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About The Omaha guide. (Omaha, Neb.) 1927-19?? | View Entire Issue (Dec. 25, 1943)
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LARGEST ACCREDITED NEGRO NEW SPA PEE" WEST OF CHICAGO AND NORTH OF 1KANSAS CITY_
Entered as Second-Class Matter at The Poet Office, Omaha, Nebraska CITY EDITION
Under Act of Maxch I, 1174— Business Phone: HA-0800. Saturday, December 25, 1943. OUR 16tb YEAR—No. 46 —five cents copy—
Our 16th Consecutive Year IIFDBV VUIQ To
ot Saying... IVIlIiIiI AHiHu You!
Rev. T. J. Douglass
This Christmas is very much unlike the first Christ
mas which came nearly two thousand years ago. The
first Chirstmas found this world at peace. The blood
thirsty nations had been conqured. the countries had
been united for the coming of Jesus Christ. Thus He came
to a peaceful world.
This Christmas finds the world in a terrible war.
Kings have been dethroned, empires are crashing, cities
are bombed, ships are sunk at sea, and thousands have
lost their lives on the battle fronts of the world. This
Christmas finds the world passing through a terrible
crisis. On account of the enemy, our country is sending
her sons to the front to preserve the freedom won for
us by our fathers. This Christmas our prayers are offered
for these sons wherever they may be. This Christmas,
God bless America. God bless her sons at war, and the
rest of the nations who are fighting with her for the free
dom of mankind. We pray.
These times are trying the souls of men but we must
not forget. ’Tis Christmas! The meaning of it has not
changed. It has the same glory as it had when the angel
said unto them, “Fear not: for behold, I bring you good
tidings of great joy which shall be to all people. For un
to you is born this day in the city of David a Saviour,
which is Christ the Lord.” Christmas still means peace
and good will tqward all people. Color, creed, and con
dition have nothing to do with the meaning of this glori
ous day. All peoples can share and share alike in this com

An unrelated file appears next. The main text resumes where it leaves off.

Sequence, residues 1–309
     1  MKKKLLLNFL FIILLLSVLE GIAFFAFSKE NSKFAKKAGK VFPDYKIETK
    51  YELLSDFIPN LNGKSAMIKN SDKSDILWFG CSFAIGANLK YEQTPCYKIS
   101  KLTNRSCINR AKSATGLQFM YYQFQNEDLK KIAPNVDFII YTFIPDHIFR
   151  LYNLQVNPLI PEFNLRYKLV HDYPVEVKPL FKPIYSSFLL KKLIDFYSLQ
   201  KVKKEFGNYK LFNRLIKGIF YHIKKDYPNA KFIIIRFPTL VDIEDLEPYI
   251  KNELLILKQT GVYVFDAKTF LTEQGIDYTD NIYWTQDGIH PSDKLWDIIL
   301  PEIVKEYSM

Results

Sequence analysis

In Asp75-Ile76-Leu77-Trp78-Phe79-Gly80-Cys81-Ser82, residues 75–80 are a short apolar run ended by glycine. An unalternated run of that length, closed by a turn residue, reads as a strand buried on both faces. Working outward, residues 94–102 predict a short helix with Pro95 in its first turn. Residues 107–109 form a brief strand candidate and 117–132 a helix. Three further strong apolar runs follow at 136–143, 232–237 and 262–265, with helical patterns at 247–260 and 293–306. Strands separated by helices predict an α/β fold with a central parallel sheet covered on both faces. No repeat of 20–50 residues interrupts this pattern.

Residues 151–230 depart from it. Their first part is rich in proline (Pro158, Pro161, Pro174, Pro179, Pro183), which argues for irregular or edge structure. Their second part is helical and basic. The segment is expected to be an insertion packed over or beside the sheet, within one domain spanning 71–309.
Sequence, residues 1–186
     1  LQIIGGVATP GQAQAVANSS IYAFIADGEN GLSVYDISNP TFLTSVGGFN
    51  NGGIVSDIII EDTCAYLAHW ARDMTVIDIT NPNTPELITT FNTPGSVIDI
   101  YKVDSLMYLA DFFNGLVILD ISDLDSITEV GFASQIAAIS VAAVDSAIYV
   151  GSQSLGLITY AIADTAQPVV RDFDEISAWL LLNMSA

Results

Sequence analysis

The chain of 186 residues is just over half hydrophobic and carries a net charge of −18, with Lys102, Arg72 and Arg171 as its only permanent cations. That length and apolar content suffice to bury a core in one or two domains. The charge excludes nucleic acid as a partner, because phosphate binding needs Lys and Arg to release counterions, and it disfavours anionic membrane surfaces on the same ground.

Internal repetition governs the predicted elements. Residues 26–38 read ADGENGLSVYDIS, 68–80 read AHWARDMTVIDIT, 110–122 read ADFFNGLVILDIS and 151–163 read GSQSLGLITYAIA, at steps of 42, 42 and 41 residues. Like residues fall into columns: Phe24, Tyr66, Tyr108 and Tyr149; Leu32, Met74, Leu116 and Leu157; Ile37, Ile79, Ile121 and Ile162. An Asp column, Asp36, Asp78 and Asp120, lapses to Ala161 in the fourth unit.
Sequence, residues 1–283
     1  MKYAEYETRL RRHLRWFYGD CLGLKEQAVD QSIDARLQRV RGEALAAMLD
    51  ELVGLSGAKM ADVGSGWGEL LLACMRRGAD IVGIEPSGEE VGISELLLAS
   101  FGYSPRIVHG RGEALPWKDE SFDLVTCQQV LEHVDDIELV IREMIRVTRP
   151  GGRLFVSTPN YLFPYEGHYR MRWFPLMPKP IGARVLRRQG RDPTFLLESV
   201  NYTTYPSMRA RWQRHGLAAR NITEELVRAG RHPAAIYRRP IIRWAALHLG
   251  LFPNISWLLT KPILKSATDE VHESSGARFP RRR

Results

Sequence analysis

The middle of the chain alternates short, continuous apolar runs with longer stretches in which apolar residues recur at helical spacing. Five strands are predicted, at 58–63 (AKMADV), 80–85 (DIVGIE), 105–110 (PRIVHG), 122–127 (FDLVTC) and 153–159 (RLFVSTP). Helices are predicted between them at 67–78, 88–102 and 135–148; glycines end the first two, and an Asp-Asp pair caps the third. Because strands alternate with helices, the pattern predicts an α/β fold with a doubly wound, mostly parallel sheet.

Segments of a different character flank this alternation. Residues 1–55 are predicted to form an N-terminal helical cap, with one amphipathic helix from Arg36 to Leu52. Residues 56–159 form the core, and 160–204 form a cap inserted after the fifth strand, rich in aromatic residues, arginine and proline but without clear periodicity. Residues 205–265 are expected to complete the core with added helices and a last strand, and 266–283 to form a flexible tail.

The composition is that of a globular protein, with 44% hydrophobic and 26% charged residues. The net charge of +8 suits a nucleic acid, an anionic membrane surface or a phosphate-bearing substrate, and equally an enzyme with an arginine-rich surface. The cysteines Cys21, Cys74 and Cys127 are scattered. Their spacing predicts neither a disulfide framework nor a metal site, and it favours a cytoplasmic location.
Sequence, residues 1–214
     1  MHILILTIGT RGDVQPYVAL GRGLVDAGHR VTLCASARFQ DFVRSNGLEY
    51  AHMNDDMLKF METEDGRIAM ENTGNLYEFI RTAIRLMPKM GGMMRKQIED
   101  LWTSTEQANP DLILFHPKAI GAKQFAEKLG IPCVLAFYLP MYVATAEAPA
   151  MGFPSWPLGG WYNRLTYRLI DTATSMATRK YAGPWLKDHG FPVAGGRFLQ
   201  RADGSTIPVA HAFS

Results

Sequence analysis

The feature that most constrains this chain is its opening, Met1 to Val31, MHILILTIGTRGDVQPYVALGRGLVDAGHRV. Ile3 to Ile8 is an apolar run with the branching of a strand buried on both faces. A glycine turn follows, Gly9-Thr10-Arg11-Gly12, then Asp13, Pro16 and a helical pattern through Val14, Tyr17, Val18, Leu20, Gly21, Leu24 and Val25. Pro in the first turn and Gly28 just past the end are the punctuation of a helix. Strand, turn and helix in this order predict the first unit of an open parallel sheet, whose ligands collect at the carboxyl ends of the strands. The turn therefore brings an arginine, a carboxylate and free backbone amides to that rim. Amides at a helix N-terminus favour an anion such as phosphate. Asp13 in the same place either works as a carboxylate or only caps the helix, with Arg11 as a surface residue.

mon joy that Christmas brings to the world. Our Saviour
came to the world to bring peace. We seem to be far
from it today, yet we may be nearer to it than we think.
This Christmas the nations of the world are giving
and receiving blows in this conflict, but down in the trust
ing hearts of some of the people of these nations, Chirst
mas still means. PEACE AND GOOD WILL toward all
The first Christmas the Heavenly chorus sung: Glory
to God in the highest, and on earth peace, and good will
This Christmas we can sing!
Joy to the world the Lord is come.
Let earth receive her King,
Let every heart prepare Him room.
And heaven and nature sing.
0§3jB|nb lo, tfje star, tobicfj tfjep sato in
|fll tbe east, toent before tfjem, till it
spl came anb stoob ober tobere tfje pourn^
PSE toas- w^m tfr? **to tiff star,
tfjep rejoiceb toitfj exceebing great jop. &nb. tofjen
tfjep toere come into tbe bouse, tbep sato tfje pouug
cbtlb toitb ftlarp, JHs Jiflotber, anb fell boton, atb
toorsbippeb ff)im; anb toben tbep fjab openeb tbeir
treasures,,tbep presenteb unto Ijttn gifts; golb,
frankincense anb mprrb.
€t)r Gospel according to &t. jflattfttto
Dorie Miller shown above at ceremonies
where he received the Navy Cross for gal
lantry in action at Pearl Harbor. Ad
miral C. W. Nimitz is shown pinning the
award on Dorie.
(Cleared and Issued Through Facilities of the Office of
Washington, D. C. (Press Photo Service).
The Navy Department this week confirmed reports
that Dorie Miller, first Negro Blue jacket hero in this
war, is “missing in action” in the Southwest Pacific. His
next of kin, Mr. and Mrs. Conery Miller, Waco, Texas,
have been notified.
Miller, a strapping, 200 pound former fullback from
Waco’s Moore High School, was awarded the Navy Cross
by President Roosevelt for “distinguished devotion l£>
duty, extraordinary courage and disregard for his own
personal safety during the attack on the Fleet in Pearl
Harbor, Territory of Hawaii, by Japanese forces on De
cember 7, 1941.”
At the same time, Miller received a letter of com
mendation from the Secretary of the Navy and was ad
vanced in rating from Mess Attendant, Third Class, to
Mess Attendant, First Class. In addition, Bluejacket
Miller has received the American Defense Service Medal,
the Fleet Clasp and the Asiatic-Pacific Campaign Medal.
Admiral Chester W. Nimitz, Commander-in Chief of
the Pacific Fleet, personally presented the Navy Cross to
Miller in ceremonies aboard a United States warship in
the Pacific on May 27, 1942. Pinning the bit of ribbon
and cross of bronze on the sailor’s breast he described
his act of heriosm on the U. S. S. Arizona during the
Japanese attack on the Pearl Harbor naval base, and com
plimented Miller on being the first representative of his
.. (Continued on page two)
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